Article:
Jess recently wrote a post about hidden talents from our visitors and how they encourage us. I'd like to add another visitor to that list. We recently welcomed a visitor who was born here in Burundi in 1948! We learned so much from her about Burundian missionary life decades ago. Here are some snippets of stories that might interest you, too:
- Several of her missionary aunts and uncles attempted to come to Burundi in 1941 on a ship named the ZamZam. While crossing the Atlantic in the middle of WW2, however, the ship was bombed and sank. The missionaries were rescued and one of Faith's aunties even was able to rescue her typewriter! Here is the gravestone for one of her missionary aunts (about 2 hours away from us in Kibuye):
- World War II was still raging when Faith's parents came to Burundi in 1943, so they traveled through the South Atlantic instead. That meant taking a ship from California around the Southern coast of South America and on to Cape Town in South Africa. But unfortunately their passports arrived two days after the ship left California! Their colleagues went on the ship and her parents were able to arrange a flight from California to South America. Then they waited for a month in Uruguay before a freighter could take them across the South Atlantic to South Africa. From there they traveled north on trains and boats to Burundi. The entire journey took 6 months!
- Their first child died in Burundi in 1944.
- Faith was their third child and she was born at home in 1948, though a doctor from Kibuye Hospital came to stay with her mother for one week.
- Her father helped build and lead a church in a place called Kayero. The church is still being used - they were having a meeting there when we arrived! And they are building a new one, too, so the congregation seems to be thriving there.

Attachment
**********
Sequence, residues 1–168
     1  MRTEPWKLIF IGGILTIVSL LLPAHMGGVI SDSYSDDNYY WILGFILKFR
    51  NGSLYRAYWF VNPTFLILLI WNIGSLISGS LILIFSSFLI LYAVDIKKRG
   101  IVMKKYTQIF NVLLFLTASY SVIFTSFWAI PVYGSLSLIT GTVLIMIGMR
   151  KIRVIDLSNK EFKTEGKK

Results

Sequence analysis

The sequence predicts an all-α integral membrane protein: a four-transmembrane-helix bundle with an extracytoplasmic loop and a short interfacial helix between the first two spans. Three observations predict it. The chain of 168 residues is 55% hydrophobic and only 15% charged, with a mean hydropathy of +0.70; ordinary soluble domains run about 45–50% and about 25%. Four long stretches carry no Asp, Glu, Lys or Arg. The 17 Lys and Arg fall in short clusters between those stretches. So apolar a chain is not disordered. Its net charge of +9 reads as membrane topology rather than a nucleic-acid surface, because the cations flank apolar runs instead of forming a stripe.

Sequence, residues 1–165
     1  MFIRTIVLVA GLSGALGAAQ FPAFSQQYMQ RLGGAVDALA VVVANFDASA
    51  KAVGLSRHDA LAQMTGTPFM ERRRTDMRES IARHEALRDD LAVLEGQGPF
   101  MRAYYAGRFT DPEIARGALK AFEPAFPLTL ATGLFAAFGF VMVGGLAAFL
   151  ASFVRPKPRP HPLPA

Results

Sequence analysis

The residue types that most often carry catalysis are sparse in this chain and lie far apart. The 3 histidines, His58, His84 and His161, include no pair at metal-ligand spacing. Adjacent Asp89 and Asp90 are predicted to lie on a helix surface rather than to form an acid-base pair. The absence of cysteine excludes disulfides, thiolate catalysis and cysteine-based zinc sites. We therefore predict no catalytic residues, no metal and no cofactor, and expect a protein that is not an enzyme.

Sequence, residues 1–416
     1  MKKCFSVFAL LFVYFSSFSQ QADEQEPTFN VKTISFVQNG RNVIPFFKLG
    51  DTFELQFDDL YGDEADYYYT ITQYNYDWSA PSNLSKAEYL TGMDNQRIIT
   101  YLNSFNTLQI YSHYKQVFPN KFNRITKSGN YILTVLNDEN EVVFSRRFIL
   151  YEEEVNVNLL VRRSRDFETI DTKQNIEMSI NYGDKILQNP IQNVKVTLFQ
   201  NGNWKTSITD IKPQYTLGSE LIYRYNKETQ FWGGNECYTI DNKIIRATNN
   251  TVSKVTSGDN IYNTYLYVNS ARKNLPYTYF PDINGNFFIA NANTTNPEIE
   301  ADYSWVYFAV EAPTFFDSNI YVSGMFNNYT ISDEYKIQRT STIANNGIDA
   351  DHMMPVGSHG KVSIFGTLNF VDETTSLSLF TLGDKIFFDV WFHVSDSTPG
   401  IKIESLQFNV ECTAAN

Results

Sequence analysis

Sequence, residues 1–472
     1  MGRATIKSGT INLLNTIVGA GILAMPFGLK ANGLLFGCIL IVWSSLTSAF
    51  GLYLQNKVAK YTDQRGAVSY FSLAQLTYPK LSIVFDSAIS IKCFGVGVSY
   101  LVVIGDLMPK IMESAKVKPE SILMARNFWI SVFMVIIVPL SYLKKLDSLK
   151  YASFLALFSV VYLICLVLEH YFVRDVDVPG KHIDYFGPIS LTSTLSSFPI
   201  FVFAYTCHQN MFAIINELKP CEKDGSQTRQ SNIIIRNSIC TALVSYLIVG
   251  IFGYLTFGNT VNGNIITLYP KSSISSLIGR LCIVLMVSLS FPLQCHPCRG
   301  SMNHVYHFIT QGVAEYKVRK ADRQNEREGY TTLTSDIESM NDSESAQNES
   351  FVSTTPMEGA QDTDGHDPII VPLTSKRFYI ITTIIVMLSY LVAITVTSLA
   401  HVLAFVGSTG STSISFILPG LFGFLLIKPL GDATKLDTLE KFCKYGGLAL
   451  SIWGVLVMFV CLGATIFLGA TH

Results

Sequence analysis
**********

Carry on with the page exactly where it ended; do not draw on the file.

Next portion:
The church built by her father at Kayero The field where she used to play as a kid outside the church Her childhood home still being lived in by the current pastor's family
- In those days, Burundi was called Ruanda-Urundi and was under Belgian rule (the Belgians had taken over from the Germans after WWI.) Faith remembers when the king of Belgium came to visit. A fellow missionary kid was asked to clean up the outhouse in case he should need to use it. In the process, the child lit a match which caused the outhouse to go up in flames just as the king arrived! (The child was ok.)
- Faith remembers being in 6th grade when Burundi gained their independence.
The scenery is gorgeous around Kayero This is called the German Cliffs - there is an old German outpost here from before WWI And Karera falls are not far from her childhood home
- She was in school in Mweya for several years (currently a Bible training college with the dorms still in use.)
Visiting Mweya (about 45 minutes from Kibuye) Barb and Wayne Vibbert, who currently live in Mweya, first arrived in Burundi in 1976, so they knew Faith's parents but she was already grown up by then Exploring Mweya Faith with her dorm in the background
- For 10th grade, Faith's family was in the US. Midway through her 11th grade year, her parents returned to Burundi. She didn't see them again until she was midway through college!
- Faith's parents retired from Burundi in 1979.
- Faith began working as a laboratory technician at Tenwek Hospital in Kenya nearly 40 years ago and she plans to retire in 2019, so she wanted to take this opportunity to see her childhood home for the first time since the 1970s! We first met her and Annette (Canadian respiratory therapist who traveled with Faith to Burundi) when we worked at Tenwek from 2009-2011. Both Faith and Annette offered helpful expertise and teaching to our staff and students in their respective areas.
It's so interesting to me to learn about the Burundi of 70 years ago. But I'm thankful that it only takes me 24 hours or so to get to the US rather than 6 months! Burundi was as beautiful as Faith remembered. Some things are the same such as the colorful Burundian fabric and the traditional farming tools, but she noticed great improvements in education and healthcare from her day, so that's encouraging. I wonder what Burundi will be like 70 years from now when our missionary kids come back to visit!